Interesting post, I learned something new!! I didn't know that getting a tattoo could prevent you from donating blood. Like others have said, I would emphasize researching on the health implications and hygiene. In May this year,I was in a salon and overhead a conversation among the stylists there. They were talking about another chic from "downstairs", saying she got a tattoo and now her leg or was it her hand--(can't recall exactly) was swollen and had pus...gross I know!! Apparently this had happened before with another tatt and she still got another one. One of the ladies talking said "Damu yake ndio mbaya...."(It's her blood that's bad).

I was quiet upto that point but felt I needed to chime in. I basically told them it was either an infection or a serious reaction to the ink. As an aside: ->> While researching henna, I found out that it's sometimes mixed with PPD (paraphenylenediamine) in some pigments which can cause serious reactions when used for permanent tattoing.

As much as tattoos are popular in Kenya right now, there is still a HUGE amount of ignorance. So make sure you do your research AND find someone who knows what they are doing. Just out of curiosity, I'm also wondering if tattoo parlors are regulated? Do you know?

I'm glad you mentioned the stretching...not a good look. Some areas are tricky e.g. upper arm, belly, lower back, thighs etc. However, I've seen some nice images on the inner wrist, inner ankle and feet, behind the neck or ear, knuckles etc

You also need to think about how you may be perceived by others especially in a professional setting. Think about how you might conceal the image if you ever need to for an interview or event.

I understand your reservations about having a permanent image on your body for a long time. This is the same thing that has kept me from getting one. I think getting *pure* henna art done is also a good and temporary option.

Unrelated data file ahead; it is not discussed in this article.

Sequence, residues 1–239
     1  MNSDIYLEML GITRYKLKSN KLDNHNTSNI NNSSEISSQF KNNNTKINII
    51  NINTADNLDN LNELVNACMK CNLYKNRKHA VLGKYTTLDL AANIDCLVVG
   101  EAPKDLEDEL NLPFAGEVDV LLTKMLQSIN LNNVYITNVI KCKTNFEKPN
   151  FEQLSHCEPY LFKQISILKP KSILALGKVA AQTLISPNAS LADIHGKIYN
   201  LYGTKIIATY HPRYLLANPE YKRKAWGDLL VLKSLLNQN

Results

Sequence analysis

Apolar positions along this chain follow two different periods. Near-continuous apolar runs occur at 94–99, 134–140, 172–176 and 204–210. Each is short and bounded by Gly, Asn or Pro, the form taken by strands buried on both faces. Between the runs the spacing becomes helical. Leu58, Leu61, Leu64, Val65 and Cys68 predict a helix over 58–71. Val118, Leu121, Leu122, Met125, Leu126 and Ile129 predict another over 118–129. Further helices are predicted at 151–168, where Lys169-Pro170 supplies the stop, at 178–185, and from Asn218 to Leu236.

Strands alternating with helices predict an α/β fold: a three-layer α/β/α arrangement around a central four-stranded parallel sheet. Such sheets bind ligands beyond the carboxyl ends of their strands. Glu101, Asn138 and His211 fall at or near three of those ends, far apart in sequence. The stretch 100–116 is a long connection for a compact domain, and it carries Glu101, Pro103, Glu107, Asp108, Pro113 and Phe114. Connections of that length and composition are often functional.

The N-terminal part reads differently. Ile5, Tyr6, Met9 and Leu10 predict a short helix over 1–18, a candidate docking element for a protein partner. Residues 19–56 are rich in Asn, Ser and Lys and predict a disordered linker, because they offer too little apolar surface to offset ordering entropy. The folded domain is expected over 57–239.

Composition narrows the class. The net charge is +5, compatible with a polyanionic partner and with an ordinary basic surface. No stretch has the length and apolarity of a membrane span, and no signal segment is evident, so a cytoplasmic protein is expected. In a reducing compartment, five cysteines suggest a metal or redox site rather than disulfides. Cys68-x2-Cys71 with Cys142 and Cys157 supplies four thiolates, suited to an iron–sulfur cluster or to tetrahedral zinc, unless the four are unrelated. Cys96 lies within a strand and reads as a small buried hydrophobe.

If you decide to take the leap, just be sure it's something with deep meaning or that you really LOVE. Choose color carefully. With darker skin tones, some colors don't look that great. Some blend in too much but that can also be an advantage depending on your preference. I say this from seeing tatts on various skin tones from dark to pale. All in all good luck!

Sue

Yet another Ciiku said...

I just wanted to jump in quickly and say that in most places, you are eligible to donate blood four to six months after you receive your tattoo. So there shouldn't be any permanent exclusion from blood donation simply because you are inked.

Anonymous said...

Hey, I was in Nairobi for the past three months but I am now back in Uganda. we don't have that many tatoo parlours in Uganda so I decided to do mine when I was there. I did my research until I settled for Nick of Cool Beans in westlands. For the start, I wanted a small one that I could look after so I got words that are meaningful to me on my wrist. It took a month to heal and it is perfect and I love it. First, you have to really be sure that it is what you want. That you won't be ashamed or regret the decision because you have to live with it your whole life. I always compare it to having a child (although the tatoo is cheaper) but yeah, the life-time commitment. so take your time. Think it through and make sure itis not just one of those phases. I once had a tongue ring phase and i really came so close but I know now that I wouldn't have been proud of myself. Good thing is I could have let it fade which isn't the case with a tatoo.

look for Nick Motonya or Cool Beans and look at his body of works and then look around and decide. all the best.
-Hellen

Anonymous said...

Oh I also chose my wrist because I easily gain weight and I wouldn't want it to stretch. It hurt like a *muther though. I've heard fleshier parts hurt less.
-Hellen again

Sally Njiriri said...

would suggest the tatoo parlour at capital centre...got my tatoo a couple years back and was way too young and yes i did my research so i'm still not regretting it and yes he does the smooth typa tatoos and because of the ink he uses, it still remains dark like a lighter shade of black but never green! well mine is still dark 4years later

Anonymous said...

as an artist who does skin art...n carries a few myself, i would say this - common sense isnt common! Dont do it if you have the slightest doubt. If you do it be certain you want it. If what other people think about you is important to you...then ask them. Finally get an artist who knows s/he's stuff. Ask for samples of work they have done. Finally, tatts dont define a person...only people who judge books by the cover - read shallow and narrow minded - do. Goodluck. Oz.